Security Council members urge continued political process in Darfur

  26 February 2019    Read: 1610
Security Council members urge continued political process in Darfur

Members of the United Nations Security Council on Monday called on Sudan's government, opposition parties and armed groups in Darfur to continue the efforts towards a political solution of problems there, Xinhua reports.

According to the latest UN report on the African Union-United Nations Hybrid Operation in Darfur, known as UNAMID, the security situation in Darfur in western Sudan has been relatively stable, except for intermittent clashes between government forces and the rebel Abdul Wahid-led faction of the Sudan Liberation Army (SLA/AW) in Jebel Marra.

"Darfur today has never been more stable since the establishment of UNAMID, and the first hybrid mission has begun preparations for its eventual exit," said the report.

However, the Jebel Marra region in Darfur remains a conflict zone without the cessation of hostilities, UN Assistant Secretary-General for Peacekeeping Operations, Bintou Keita, told the Security Council.

Keita, back from a trip to Sudan from Feb. 9 to 12, said that although civilians are no longer displaced by the clashes there, they are exposed to robbery, abduction, and violence.

Given the situation, several members of the Security Council said that the political process in Darfur should continue. In addition, after the expected exit of UNAMID, more tensions and new risk factors could emerge.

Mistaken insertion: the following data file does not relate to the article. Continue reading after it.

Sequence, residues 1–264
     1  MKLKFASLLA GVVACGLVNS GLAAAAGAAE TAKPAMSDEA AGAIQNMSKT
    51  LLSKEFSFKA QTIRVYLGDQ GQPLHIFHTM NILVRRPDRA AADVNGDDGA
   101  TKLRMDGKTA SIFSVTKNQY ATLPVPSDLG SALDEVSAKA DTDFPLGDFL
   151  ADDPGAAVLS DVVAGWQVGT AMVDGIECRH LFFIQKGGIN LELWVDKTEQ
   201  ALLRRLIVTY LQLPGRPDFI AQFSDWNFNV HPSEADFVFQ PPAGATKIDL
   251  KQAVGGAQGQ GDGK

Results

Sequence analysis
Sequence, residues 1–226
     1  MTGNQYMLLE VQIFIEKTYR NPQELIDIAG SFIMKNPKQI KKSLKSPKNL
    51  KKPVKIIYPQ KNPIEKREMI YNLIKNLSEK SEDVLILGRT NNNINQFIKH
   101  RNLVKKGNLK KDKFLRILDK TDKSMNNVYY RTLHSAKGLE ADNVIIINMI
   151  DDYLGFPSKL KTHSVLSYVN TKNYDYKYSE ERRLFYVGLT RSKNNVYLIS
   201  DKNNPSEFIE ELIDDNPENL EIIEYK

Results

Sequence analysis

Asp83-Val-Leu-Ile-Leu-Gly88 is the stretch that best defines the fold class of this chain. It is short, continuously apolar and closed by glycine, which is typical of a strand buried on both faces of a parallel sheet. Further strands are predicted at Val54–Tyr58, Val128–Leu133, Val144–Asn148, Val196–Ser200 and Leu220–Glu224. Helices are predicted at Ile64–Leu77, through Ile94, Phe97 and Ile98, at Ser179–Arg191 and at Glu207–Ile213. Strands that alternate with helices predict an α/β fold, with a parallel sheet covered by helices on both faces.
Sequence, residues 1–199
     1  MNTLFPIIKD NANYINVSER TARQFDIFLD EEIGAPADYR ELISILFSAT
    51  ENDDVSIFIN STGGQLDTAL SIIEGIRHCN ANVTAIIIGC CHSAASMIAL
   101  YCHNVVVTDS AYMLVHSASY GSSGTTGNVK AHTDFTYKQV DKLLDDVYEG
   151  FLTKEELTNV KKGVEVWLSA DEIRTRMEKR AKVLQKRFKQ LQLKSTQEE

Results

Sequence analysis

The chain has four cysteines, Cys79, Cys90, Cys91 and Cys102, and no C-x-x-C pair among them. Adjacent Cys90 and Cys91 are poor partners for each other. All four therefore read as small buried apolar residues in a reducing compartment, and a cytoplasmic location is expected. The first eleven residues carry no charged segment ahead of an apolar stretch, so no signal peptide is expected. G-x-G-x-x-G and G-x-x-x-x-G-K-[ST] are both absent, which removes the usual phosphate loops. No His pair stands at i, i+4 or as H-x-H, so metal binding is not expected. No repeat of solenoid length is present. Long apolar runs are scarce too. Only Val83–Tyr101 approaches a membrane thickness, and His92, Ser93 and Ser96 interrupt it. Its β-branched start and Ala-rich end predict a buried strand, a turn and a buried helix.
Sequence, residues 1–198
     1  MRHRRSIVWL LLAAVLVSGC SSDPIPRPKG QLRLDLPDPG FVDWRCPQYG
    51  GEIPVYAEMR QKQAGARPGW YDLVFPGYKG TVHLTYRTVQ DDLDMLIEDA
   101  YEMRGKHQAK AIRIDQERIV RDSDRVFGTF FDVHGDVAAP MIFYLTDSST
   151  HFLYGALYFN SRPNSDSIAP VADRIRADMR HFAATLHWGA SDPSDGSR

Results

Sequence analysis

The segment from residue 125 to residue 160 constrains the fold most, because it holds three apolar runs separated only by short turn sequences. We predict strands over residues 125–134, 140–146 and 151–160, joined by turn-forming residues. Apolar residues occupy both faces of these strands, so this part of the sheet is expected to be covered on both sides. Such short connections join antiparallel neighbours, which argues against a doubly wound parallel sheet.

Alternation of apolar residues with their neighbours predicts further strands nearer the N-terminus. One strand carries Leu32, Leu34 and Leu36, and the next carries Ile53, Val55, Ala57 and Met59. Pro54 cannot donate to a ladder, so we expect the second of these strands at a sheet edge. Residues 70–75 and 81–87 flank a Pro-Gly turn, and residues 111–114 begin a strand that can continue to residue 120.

Wu Haitao, China's deputy permanent representative to the UN, said that the Sudanese government has been committed to a political settlement of the Darfur issue, and the opposition parties and armed groups there should abandon military means, take an active part in the peace process and solve problems through political means such as dialogue and consultation.

The permanent representative of South Africa Jerry Matjila said that more efforts are required in the Jebel Marra region, and it is imperative that all parties continue carrying out outstanding provisions of the peace deal in Darfur, and stay committed to negotiations.

Keita also noticed a need in Darfur to strengthen the security measures to prevent and curb inter-communal tensions over access to land, migration routes, and other sources of livelihood.

Darfur has been plagued by conflicts between the government forces and the armed rebels since 2003. UNAMID, the second biggest of the UN peacekeeping missions, was first deployed in Darfur in early 2008, and its full withdrawal is expected to be completed by the end of 2020.


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